Definitions

from The American Heritage® Dictionary of the English Language, 4th Edition

  • n. Any of several small, often brilliantly colored Australasian parrots that feed primarily on soft fruits or the nectar and pollen of flowers and blooming trees.

from Wiktionary, Creative Commons Attribution/Share-Alike License

  • n. Any of various small, brightly coloured, parrots native to Australasia. They are usually classified in the subfamily Loriinae.

from the GNU version of the Collaborative International Dictionary of English

  • n. Any one numerous species of small brush-tongued parrots or lories, found mostly in Australia, New Guinea and the adjacent islands, with some forms in the East Indies. They are arboreal in their habits and feed largely upon the honey of flowers. They belong to Trichoglossus, Loriculus, and several allied genera.

from The Century Dictionary and Cyclopedia

  • n. A small parrot of the genus Trichoglossus, or, in a broader use, of the subfamily Trichoglossinæ; a kind of lory.

from WordNet 3.0 Copyright 2006 by Princeton University. All rights reserved.

  • n. any of various small lories

Etymologies

lor(y) + (para)keet.
(American Heritage® Dictionary of the English Language, Fourth Edition)

Examples

  • Trichoglossus haematodus moluccanus — Rainbow lorikeet, Aquarium of the Pacific, Long Beach, California

    The Panda's Thumb: Timothy Sandefur Archives

  • Two species from Caledonia that have not been recorded reliably for many years, include the New Caledonian lorikeet (Charmosyna diadema, CR), last recorded in 1913, and the New Caledonia rail (Gallirallus lafresnayanus, CR), not reliably reported since the early 20th century.

    Biological diversity in New Caledonia

  • The kagu is the national bird of New Caledonia and is listed by IUCN as endangered (EN), along with the Australasian bittern (Botaurus poiciloptilus), New Caledonian lorikeet (Charmosyna diadema), and New Caledonian owlet-nightjar (Aegotheles savesi).

    New Caledonia rain forests

  • The rainbow lorikeet (Trichoglossus haematodus weberi) is a subspecies endemic to Flores island in the Wallacea Hotspot.

    Biological diversity in Wallacea

  • All four of the island's land birds are endemic, flightless Henderson rail Nesophylax ater, Stephen's lorikeet Vini stepheni (R), Henderson fruit dove Ptilinopus insularis, and Henderson warbler Acrocephalus vaughani taiti.

    Henderson Island, United Kingdom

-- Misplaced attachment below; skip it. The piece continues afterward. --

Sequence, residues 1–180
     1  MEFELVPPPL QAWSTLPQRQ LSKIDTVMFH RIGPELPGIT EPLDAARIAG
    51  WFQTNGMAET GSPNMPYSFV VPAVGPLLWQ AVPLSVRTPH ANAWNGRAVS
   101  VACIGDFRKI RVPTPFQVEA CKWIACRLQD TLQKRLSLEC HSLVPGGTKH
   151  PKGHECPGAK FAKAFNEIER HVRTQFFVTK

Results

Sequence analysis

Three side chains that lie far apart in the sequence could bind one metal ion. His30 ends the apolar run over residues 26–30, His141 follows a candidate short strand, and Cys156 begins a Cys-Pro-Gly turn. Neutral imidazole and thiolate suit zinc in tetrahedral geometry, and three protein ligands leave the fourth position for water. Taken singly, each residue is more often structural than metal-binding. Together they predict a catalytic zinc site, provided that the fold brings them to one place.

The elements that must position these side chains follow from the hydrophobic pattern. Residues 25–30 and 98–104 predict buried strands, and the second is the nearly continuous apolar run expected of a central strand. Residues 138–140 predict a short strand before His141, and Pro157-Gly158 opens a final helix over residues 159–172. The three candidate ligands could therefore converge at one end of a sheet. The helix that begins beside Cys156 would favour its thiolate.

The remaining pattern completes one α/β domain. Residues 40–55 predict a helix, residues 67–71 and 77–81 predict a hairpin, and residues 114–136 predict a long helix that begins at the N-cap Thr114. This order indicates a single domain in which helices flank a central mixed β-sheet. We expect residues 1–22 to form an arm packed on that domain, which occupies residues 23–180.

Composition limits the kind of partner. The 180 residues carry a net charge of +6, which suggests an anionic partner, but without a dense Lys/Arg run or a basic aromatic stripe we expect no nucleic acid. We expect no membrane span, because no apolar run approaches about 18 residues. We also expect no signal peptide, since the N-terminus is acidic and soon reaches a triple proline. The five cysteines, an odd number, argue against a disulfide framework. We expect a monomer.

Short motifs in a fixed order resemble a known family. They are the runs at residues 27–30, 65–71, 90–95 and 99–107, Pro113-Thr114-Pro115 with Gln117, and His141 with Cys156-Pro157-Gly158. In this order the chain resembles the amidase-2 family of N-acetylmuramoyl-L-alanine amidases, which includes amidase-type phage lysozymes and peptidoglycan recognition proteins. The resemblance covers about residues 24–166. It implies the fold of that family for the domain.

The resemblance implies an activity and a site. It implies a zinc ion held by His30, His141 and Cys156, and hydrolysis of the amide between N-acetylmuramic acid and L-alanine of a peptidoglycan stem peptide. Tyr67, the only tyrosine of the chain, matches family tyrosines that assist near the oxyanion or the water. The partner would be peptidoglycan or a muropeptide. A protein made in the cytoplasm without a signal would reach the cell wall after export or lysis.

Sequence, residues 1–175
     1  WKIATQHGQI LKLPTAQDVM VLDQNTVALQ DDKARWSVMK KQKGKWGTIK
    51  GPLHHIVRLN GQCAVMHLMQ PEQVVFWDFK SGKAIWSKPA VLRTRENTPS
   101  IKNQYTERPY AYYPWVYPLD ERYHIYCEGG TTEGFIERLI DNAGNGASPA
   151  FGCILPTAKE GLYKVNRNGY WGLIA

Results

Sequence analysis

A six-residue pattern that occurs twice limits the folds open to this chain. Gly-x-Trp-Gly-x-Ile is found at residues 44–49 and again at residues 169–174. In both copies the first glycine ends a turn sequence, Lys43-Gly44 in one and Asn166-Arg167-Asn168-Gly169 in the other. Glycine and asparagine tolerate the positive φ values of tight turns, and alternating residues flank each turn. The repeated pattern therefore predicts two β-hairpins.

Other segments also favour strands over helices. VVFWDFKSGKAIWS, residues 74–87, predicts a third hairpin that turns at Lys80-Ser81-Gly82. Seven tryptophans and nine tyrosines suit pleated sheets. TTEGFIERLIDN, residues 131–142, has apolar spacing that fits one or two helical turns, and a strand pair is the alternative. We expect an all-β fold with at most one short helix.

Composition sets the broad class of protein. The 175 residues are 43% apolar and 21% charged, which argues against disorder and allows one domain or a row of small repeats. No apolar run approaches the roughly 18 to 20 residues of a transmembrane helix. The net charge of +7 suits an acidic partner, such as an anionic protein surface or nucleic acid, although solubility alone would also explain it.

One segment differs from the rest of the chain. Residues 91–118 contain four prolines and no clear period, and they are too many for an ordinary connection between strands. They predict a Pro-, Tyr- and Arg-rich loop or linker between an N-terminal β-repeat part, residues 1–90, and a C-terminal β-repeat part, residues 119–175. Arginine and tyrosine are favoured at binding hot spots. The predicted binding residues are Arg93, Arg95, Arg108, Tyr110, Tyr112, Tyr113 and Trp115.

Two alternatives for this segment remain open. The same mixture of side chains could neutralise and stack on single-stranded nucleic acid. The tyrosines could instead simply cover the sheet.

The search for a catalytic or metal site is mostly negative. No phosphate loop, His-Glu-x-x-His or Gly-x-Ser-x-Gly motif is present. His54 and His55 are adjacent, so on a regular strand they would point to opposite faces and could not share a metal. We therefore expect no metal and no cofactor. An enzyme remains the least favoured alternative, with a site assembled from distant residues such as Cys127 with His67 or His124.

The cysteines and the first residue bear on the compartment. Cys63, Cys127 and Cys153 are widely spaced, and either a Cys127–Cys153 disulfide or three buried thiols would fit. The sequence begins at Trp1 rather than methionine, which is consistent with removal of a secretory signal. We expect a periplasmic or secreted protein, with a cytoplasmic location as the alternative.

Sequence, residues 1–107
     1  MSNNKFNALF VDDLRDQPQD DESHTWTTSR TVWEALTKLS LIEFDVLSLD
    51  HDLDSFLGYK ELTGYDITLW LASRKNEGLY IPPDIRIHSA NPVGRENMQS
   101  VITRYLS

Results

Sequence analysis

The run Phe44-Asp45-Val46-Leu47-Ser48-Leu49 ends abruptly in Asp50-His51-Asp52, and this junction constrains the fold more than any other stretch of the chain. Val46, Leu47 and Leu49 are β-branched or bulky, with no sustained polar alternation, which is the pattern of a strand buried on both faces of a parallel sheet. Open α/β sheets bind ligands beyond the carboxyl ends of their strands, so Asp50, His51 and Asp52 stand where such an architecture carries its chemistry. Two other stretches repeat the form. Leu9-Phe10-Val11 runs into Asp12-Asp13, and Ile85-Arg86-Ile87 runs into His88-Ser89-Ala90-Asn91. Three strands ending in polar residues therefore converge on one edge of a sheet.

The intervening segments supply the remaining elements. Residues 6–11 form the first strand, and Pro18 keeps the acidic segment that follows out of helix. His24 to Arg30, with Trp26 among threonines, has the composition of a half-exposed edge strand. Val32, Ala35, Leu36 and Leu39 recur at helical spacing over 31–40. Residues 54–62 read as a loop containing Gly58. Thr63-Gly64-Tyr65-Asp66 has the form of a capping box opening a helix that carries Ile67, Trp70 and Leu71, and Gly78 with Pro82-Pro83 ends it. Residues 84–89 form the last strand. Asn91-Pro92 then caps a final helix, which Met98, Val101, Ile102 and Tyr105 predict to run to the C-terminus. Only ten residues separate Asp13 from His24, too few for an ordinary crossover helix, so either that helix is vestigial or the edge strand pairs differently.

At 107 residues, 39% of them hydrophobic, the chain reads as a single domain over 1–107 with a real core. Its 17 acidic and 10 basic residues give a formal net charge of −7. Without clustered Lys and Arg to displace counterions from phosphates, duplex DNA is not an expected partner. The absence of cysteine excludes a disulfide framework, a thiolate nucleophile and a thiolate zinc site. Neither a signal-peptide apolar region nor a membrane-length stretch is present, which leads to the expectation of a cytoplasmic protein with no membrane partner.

• The Vulnerable restricted-range blue lorikeet (Vini peruviana) is found on Aitutaki, and the island is delineated as a Secondary Endemic Bird Area for that reason, but it is unclear whether the species is actually native to the island.

    Cook Islands tropical moist forests

  • Aitutaki is delineated as a Secondary Endemic Bird Area because the restricted-range blue lorikeet (Vini peruviana).

    Cook Islands tropical moist forests

  • A noisy lorikeet, not the kind you keep as favoured pets, screeched at me because I stole a mandarin out of his tree.

    In Need Of Subtle Teaching

  • ~ Exotic Parrots Return to Cook Islands -- "Two centuries after a dazzlingly feathered parrot called the Rimitara lorikeet disappeared from the Cook Islands, a breeding colony of the birds has been re-established with the help of the islands' royalty."

    Speedlinking 9/27/07

  • When the Jambu, or rose apple (Eugenic sp.), was in flower in the village, flocks of the little lorikeet (Charmosyna placentis), already met with in Gilolo, came to feed upon the nectar, and I obtained as many specimens as I desired.

    The Malay Archipelago

Comments

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  • Amusing example:

    " To my lorikeet, Buttons, I leave the remaining sum total of all assets in my estate, real and liquid, including cash, securities, land, fine art, jewelry, gold, and McDonald's Monopoly game pieces, because that's the kind of crazy thing that wealthy, mean-spirited old lunatics like me really enjoy."

    December 22, 2009

  • Usage on brolga.

    April 18, 2009

  • They are cool birds.

    October 13, 2008

  • I went to a theme park once that had a "lorikeet glen." You could shell out $2 for a tiny soufflé cup filled with liquid lorikeet chow, then walk into the "glen," and they'd mob you. I mean mob you. Then as soon as the chow was gone they'd fly on to the next sucker. But it was pretty cool. In a scary way.

    October 10, 2008